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Anti-synthetase syndrome masquerading as recurrent pneumonia
  1. Ka U Lio and
  2. Si Li
  1. Medicine, Temple University Hospital, Philadelphia, Pennsylvania, USA
  1. Correspondence to Dr Ka U Lio; kau.lio{at}


Anti-synthetase syndrome (ASS) is a rare inflammatory myopathy with a wide variety of clinical presentations. ASS-related interstitial lung disease (ASS-ILD) presents with rapid onset and progression, which could often be confused with other more common acute processes such as pneumonia, especially when ILD can be the sole manifestation. A woman in her 50s presented with recurrent dyspnoea for 2 months requiring multiple hospital admissions, and each time, she was diagnosed with multifocal pneumonia and treated with antibiotics. On admission, the evaluation revealed a markedly elevated creatine kinase level at 3258 U/L and a CT scan of the chest revealed worsening scattered ground-glass opacities. Given the concern for ILD as the cause of antibiotic failure, she underwent bronchoscopy with bronchoalveolar lavage which revealed non-specific interstitial pneumonia. A subsequent myositis panel revealed a positive anti-Jo-1 antibody, and she was diagnosed with ASS-ILD. She completed a course of intravenous immunoglobulin and methylprednisolone and experienced significant clinical improvement with the resolution of hypoxaemia and improved polyarthralgia.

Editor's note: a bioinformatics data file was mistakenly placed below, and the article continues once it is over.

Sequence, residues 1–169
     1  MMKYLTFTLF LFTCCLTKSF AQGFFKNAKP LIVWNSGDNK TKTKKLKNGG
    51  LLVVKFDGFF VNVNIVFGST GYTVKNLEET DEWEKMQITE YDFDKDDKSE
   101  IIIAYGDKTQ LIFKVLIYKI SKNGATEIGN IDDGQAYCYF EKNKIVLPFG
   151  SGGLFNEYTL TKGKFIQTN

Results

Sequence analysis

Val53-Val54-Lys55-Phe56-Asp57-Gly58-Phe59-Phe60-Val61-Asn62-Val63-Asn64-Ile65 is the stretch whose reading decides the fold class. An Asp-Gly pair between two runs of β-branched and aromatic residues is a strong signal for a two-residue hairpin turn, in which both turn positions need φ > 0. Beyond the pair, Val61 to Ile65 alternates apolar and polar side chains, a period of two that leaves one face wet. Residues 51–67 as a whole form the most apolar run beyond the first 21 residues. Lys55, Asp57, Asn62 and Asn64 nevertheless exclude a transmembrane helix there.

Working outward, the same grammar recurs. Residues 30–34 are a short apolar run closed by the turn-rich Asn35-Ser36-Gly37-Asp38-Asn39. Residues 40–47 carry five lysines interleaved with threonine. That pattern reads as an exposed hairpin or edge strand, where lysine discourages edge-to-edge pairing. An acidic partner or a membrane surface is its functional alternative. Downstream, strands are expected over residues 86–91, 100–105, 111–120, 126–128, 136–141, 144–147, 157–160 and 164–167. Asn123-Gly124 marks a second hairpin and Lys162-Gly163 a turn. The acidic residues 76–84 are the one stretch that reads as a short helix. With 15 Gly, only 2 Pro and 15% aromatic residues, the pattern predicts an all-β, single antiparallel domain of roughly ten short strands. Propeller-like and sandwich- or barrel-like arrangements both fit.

ASS could often be misdiagnosed as other more common acute lung processes, as a clinically subtle course can escape detection given its rarity, as well as its non-specific and highly variable presentations. This case highlights the importance of early suspicion and consideration of performing specific autoantibody testing when evaluating patients with a suspicion of undifferentiated autoimmune condition.

  • Musculoskeletal and joint disorders
  • Interstitial lung disease
  • Rheumatology
  • Connective tissue disease

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  • Contributors The following author was responsible for drafting of the text, sourcing and editing of clinical images, investigation results, drawing original diagrams and algorithms, and critical revision for important intellectual content—KUL. The following authors gave final approval of the manuscript—KUL and SL.

  • Funding The authors have not declared a specific grant for this research from any funding agency in the public, commercial or not-for-profit sectors.

  • Case reports provide a valuable learning resource for the scientific community and can indicate areas of interest for future research. They should not be used in isolation to guide treatment choices or public health policy.

  • Competing interests None declared.

  • Provenance and peer review Not commissioned; externally peer reviewed.